While states like California and New York are passing electric vehicle mandates, which require all school buses on the road must be powered by electric batteries by a certain model-year, Michigan is enlisting the help of voters to approve the necessary funds to electrify school district bus fleets.
Howard “Mac” Dashney, the principal associate at Pupil Transportation Operation and Management Institute in Lansing, Michigan, said the sinking fund authority first approved by the state legislature in 1976 allows taxpayers to vote up to three mills—one mill is equal to $1 for every $1,000 of taxable amount—for a period of up to 10 years to provide funding independent of the school aid foundation funds.
“So, if your house has a taxable value of $100,000 and the district levies one mill, then you will pay $100 in annually,” he added.
Dashney said the purpose of a sinking fund is to pay for necessary capital and security expenses without taking money from the classroom. Starting in 2017, he said the sinking fund first allowed districts to either construct or repair school buildings, then implement security systems, then acquire or upgrade technology.
HB 5721, sponsored by Rep. Christine Morse, and SB 859, sponsored by Sen. Mallory McMorrow, seek to allow sinking funds to purchase of electric school buses. School bus purchases of any kind have never before been an allowable expense under the sinking fund.
“It’s not an easy bill,” Dashney explained, noting that Democrat-sponsored legislation perhaps could also include the purchase of any school bus, regardless of the fuel used.
Both bills have yet to move forward in their respective chambers since being introduced earlier this year.
Putting the Power in Voters’ Hands
For electric school buses, Dashney noted that allowing community members to vote on allocating funds makes the decision to implement more unanimous. He observed that government mandates can sometimes result in school district leaders feeling pressure to adopt a certain technology, whereas more buy-in can result from a voter-approved bond measure.
“We’re going to ask every citizen in Michigan, ‘Do you want to do this?’” Dashney shared, adding that he’s been working on adding school buses to the sinking fund since 2007. “What will happen is [community members] will see the people around them and they’ll hear from parents over the fence in the other district on how healthy the vehicles are.
“If Michigan has a model, it would be everybody has a choice,” he continued. “That’s the good news. And that’s the bad news. It’s the tougher way. It takes longer, but when it happens, everybody is in.”
Michigan’s sinking fund allows community members to vote on how they want to spend their money. Dashney explained that Michigan doesn’t have a separate capital expense fund for schools, and instead they receive a foundation allowance, or a big block grant.
“They get a bunch of money and can do anything they want with it,” he said. “That got to be kind of a problem because people would take money out of the classroom, to do capital expenses, or to do special kinds of things,” he said.
And the purpose of the fund is to reduce the cost because districts can pay for those things with cash. “A district does not have to rely on bond funding, with fluctuating interest rates, to support needed capital equipment and our construction purchases,” he added.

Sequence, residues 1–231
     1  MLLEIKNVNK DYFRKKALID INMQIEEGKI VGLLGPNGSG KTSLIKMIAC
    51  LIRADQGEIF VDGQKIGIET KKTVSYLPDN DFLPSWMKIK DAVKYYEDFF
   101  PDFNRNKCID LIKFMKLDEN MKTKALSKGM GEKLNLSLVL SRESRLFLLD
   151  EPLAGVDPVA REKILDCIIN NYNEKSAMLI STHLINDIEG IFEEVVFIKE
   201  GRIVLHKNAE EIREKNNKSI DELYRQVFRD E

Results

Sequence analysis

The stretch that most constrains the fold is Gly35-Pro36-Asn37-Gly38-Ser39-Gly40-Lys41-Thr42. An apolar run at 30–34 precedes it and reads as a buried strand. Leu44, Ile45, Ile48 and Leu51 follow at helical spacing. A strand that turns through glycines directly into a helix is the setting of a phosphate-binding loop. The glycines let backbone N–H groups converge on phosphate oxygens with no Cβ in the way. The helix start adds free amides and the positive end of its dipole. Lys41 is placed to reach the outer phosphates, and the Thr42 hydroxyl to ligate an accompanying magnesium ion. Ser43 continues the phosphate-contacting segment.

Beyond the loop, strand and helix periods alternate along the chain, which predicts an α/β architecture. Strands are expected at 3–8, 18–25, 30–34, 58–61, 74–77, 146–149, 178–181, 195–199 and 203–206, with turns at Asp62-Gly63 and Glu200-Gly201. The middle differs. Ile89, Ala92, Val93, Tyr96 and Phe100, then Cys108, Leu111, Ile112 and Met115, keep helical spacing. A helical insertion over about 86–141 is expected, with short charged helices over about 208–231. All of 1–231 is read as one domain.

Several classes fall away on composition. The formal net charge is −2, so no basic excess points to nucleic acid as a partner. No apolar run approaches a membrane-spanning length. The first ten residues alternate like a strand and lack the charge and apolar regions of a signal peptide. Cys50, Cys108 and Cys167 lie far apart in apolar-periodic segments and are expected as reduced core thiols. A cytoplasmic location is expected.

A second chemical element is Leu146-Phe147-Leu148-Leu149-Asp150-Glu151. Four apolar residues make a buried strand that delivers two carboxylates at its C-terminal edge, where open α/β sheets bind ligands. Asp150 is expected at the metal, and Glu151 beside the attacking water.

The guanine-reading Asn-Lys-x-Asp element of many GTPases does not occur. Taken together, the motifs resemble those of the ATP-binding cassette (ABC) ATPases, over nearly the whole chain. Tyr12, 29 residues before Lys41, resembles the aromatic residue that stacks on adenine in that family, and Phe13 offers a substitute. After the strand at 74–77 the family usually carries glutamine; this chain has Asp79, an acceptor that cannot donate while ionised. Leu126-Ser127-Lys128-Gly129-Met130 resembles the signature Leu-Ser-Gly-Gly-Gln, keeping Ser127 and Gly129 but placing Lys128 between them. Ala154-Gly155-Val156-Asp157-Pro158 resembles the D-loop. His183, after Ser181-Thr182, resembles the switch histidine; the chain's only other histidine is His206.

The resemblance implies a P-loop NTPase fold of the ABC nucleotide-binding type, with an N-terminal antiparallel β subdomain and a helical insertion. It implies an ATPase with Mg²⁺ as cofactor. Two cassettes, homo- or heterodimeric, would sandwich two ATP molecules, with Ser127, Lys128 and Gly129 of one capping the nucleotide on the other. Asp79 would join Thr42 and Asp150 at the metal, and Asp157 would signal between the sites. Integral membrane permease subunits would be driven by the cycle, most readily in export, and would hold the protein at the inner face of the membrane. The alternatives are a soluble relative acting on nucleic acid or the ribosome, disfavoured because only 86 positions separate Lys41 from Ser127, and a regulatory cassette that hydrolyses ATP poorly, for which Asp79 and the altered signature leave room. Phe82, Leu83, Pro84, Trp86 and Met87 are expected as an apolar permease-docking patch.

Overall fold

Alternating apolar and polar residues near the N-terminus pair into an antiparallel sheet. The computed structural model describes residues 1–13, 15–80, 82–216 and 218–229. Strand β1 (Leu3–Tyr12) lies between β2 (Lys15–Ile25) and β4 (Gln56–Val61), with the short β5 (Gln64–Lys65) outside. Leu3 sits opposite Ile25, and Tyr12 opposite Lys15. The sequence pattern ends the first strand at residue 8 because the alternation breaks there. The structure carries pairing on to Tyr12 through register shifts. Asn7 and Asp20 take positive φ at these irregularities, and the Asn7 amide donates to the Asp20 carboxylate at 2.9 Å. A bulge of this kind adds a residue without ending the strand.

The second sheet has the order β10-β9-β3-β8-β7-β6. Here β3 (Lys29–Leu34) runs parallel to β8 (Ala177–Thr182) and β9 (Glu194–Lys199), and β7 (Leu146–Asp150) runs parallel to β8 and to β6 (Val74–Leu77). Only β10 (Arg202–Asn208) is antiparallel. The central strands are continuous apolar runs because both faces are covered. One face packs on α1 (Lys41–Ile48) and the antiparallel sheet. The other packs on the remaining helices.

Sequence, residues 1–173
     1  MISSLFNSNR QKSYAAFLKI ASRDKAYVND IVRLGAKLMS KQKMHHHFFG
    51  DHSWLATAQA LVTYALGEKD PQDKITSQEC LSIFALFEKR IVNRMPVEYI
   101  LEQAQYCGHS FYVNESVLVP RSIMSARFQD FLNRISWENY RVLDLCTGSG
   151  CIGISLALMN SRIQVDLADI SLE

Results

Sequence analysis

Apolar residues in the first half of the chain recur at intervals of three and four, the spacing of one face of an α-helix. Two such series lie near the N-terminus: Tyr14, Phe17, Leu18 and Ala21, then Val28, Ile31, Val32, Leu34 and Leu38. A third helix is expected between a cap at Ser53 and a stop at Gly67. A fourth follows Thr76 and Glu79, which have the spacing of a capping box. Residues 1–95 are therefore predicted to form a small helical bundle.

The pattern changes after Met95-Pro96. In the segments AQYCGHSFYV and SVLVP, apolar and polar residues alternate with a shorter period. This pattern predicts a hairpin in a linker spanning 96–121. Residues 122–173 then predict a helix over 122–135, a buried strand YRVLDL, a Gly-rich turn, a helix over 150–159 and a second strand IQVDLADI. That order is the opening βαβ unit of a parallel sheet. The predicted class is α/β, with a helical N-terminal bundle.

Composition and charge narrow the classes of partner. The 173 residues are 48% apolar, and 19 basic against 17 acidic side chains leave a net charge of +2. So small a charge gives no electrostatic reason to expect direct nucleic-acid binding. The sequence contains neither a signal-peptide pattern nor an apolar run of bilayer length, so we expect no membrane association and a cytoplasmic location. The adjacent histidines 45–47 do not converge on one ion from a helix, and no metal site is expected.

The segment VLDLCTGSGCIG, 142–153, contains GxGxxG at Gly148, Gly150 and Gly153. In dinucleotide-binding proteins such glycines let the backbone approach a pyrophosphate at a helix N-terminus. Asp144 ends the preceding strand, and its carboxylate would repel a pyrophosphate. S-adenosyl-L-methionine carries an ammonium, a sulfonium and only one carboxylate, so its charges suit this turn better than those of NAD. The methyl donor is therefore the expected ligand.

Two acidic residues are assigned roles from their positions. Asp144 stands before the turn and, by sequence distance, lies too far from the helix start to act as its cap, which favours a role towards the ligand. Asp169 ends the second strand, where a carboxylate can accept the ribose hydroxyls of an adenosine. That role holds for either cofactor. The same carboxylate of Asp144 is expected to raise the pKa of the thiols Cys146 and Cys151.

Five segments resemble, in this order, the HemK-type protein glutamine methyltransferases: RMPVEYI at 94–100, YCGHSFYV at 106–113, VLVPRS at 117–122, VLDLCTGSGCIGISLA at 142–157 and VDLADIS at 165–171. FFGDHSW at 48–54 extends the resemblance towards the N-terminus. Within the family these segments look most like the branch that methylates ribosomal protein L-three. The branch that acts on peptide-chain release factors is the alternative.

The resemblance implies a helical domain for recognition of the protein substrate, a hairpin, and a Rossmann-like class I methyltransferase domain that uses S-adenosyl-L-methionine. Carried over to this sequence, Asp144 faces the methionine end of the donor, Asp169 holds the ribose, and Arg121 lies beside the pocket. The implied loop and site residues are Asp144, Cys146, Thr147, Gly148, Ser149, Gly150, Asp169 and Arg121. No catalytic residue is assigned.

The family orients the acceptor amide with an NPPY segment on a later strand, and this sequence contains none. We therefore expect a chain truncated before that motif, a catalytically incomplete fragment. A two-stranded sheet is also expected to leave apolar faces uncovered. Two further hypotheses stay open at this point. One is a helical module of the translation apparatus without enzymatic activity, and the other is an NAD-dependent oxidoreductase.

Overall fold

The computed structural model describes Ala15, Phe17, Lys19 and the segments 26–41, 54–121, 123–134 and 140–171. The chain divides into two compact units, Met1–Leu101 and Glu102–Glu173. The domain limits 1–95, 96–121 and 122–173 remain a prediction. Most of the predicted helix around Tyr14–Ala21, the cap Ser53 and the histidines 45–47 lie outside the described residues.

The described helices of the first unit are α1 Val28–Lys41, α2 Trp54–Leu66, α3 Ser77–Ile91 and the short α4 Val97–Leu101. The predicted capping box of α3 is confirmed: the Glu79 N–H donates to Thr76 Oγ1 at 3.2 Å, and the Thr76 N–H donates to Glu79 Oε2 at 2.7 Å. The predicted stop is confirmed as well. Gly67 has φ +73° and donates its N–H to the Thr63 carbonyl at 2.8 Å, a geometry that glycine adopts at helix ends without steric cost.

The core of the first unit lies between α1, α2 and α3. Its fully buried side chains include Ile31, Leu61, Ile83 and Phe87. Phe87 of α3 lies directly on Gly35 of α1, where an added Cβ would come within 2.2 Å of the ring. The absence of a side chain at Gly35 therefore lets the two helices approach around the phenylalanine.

“And if we’re taking money out of the classroom to get kids to the classroom, that doesn’t seem to make a whole lot of sense,” he continued, noting that adding school buses to the sinking fund will reduce the cost of a bus by 5 to 10 percent because districts can pay with cash. “If the districts that have sinking funds get together and buy multiple buses, well then that reduces our costs per unit even more. So, that’s a big plus.”
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He said that adding school buses to the sinking fund is a strategic move going forward because at least the $5 billion Clean School Bus Program will run out after 2026. “Michigan’s school bus fleet rests almost solely on the shoulders of sinking fund taxing authority,” he said. “Because it makes it cheaper to raise capital to purchase school buses. It will allow a district’s taxpayers to come together and say we’re going to buy buses.
Dashney commented the allowing electric school buses to be purchased with sinking funds moves the state deeper into the 21st Century.
“This is the perfect venue. It’s local, which is a plus. It’s equitable, which is a plus, and it’s fair to the taxpayers, which is a plus,” he said. “And it gives the taxpayers in a local school district 100 percent of the authority to say yes, we want to spend our money in this way or no, we do not want to spend our money.”
According to Dashney, the Michigan Association for Pupil Transportation is working with districts that are interested in electric school buses as well as with utilities and other health organizations. “This is a collaborative effort to work with districts to help them apply for EPA rebate program funds and integrate electric school buses into their fleets,” he added, noting that 17 electric buses are currently deployed in seven school districts.
“We have seven superintendents, seven business managers, seven transportation supervisors, and 17 drivers with electric school bus experience, so if somebody has a particular question, there are people to answer [them],” he said.
He added that the total cost of ownership for electric buses is forecasted to equal that of a school bus powered with an internal combustion engine in two to three years, especially amid rising fuel prices.
“Batteries are getting better, alleviating range anxiety. Further the price will come down as more electric school buses are purchased,” Dashney concluded. “The transition is going to be to renewable fuels, and electric buses in school districts are giving students a healthier ride to their education.”